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Kenosha Teacher On Paid Leave After Using Racial Slur In Classroom

Incident Taped By Students, District Is Running Investigation

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Editor’s note: This article contains offensive language.

Video of a Kenosha high school teacher using a racial slur in the classroom has prompted an investigation by the school district, leave for the teacher and activist calls for staff sensitivity training.

A video taken by a Bradford High School student in November shows the school’s Italian language teacher repeating the N-word multiple times in front of students. The teacher is now on paid leave, according to the Kenosha Unified School District.

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Kristal Manthe’s son and sister were in the class where the incident happened. Manthe said they told her the teacher used the slur after hearing one student of color use it in conversation with another student of color, asking why it was OK for the students to use the word and not white people.

The video obtained by WPR is less than 10 seconds long and students can be heard laughing in the background.

“I don’t know if she was trying to prompt some sort of conversation about the issue, but this is an Italian class, so I don’t really feel like this is a space where they should be talking about the subject,” Manthe said.

Manthe said her husband brought the video to the principal’s attention the day of the incident and was told it would be “taken care of.” Even so, Manthe’s son and sister said the teacher taught all of last week and never mentioned the incident.

KUSD School Board President Dan Wade said members of the board wouldn’t be commenting as the investigation is ongoing, but he said he’d only seen parts of the video.

In a statement, the district said the teacher would remain on paid leave until the investigation is complete.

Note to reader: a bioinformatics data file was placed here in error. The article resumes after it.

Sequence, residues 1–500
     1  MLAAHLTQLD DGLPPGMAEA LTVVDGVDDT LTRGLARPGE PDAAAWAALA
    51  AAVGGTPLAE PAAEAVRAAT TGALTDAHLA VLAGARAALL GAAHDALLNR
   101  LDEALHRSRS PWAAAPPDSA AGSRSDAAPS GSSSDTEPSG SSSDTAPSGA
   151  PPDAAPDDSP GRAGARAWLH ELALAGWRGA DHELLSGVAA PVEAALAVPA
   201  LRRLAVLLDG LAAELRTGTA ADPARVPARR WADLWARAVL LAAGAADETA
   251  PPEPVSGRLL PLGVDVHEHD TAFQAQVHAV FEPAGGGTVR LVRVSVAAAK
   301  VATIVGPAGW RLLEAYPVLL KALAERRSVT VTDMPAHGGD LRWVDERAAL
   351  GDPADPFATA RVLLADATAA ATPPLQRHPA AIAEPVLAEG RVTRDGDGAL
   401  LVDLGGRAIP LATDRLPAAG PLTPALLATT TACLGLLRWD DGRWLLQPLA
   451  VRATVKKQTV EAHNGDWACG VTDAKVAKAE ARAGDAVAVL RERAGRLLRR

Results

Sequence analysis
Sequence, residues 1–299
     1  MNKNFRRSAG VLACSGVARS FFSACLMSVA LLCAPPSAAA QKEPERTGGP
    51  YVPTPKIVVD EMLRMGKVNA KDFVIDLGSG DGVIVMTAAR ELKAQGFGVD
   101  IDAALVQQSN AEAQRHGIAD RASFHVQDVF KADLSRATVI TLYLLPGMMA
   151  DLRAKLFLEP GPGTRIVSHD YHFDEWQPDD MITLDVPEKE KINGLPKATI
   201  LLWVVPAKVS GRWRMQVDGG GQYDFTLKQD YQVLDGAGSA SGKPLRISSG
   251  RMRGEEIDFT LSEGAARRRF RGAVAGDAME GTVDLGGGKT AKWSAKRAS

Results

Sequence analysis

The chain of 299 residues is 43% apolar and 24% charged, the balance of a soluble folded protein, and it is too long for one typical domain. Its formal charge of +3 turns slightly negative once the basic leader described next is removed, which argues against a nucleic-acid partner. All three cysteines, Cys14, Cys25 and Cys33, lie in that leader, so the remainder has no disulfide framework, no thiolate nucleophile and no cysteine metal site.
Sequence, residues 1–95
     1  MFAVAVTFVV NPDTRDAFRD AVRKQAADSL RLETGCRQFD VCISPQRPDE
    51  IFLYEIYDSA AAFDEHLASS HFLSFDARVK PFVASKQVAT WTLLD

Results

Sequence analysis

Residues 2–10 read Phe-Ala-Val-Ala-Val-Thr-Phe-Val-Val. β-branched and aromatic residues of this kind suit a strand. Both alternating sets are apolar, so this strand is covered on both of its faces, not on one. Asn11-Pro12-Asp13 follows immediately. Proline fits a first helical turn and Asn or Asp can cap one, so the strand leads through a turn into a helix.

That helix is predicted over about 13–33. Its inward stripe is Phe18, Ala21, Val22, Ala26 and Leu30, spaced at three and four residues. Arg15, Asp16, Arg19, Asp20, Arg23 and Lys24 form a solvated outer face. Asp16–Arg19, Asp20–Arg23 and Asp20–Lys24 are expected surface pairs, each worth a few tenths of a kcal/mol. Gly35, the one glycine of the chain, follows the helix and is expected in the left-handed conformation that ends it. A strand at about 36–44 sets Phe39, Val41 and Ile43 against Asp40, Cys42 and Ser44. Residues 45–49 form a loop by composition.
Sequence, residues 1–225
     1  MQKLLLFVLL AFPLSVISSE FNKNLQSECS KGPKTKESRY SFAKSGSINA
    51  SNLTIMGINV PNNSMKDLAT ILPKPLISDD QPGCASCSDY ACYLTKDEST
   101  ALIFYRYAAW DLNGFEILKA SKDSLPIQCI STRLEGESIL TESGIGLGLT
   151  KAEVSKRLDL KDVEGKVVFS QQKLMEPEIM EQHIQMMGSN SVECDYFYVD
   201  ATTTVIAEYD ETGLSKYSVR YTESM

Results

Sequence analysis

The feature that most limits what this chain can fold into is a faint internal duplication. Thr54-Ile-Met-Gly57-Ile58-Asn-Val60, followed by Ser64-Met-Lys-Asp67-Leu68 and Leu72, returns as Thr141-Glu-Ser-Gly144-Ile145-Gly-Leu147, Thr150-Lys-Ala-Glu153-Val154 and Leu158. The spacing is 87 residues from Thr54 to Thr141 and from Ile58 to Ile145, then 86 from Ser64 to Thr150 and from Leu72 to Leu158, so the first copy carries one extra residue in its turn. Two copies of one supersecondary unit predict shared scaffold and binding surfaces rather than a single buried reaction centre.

“On Monday, Dec. 10, 2018, the office of human resources and superintendent learned of the incident and immediately launched an investigation,” read the statement.

At a school board meeting Tuesday night, Adelene and Derrell Greene, who head the Kenosha Coalition for Dismantling Racism, told members the incident highlights the need for diversity and cultural sensitivity training.

According to recent data collected, almost half of the district’s more than 21,000 student population is white. Almost 29 percent of students are Hispanic and more than 14 percent are African-American.

Enrollment data going back six academic years shows the percentage of white students continues to drop, a trend the Greenes said goes back 20 years when their own children were enrolled in KUSD.

In the 2013-14 school year, white students made up more than 53 percent of enrollment.

“Because of the changing demographics, I think it would behoove the district to have diversity training so that all the staff — new staff as well as the incumbent staff — are aware of some of the things that are different amongst people,” Adelene Greene told WPR.

Beyond racial diversity, Darrell Greene said the training can help acclimate rural teachers coming into the district.

“A lot teachers that come from rural communities and then all of a sudden they’re thrust into this urban community here and they have no idea how to deal with some of these issues the students bring to the classroom,” he said.

Still, Derrell Greene said the incident with this teacher shows diversity is lacking in KUSD teachers and administrators.

“Those kinds of things don’t have good diversity so that people can talk to each other and tell each other what’s right and what’s wrong and that’s not happening in KUSD,” he said, adding the coalition has brought this to the attention of the district.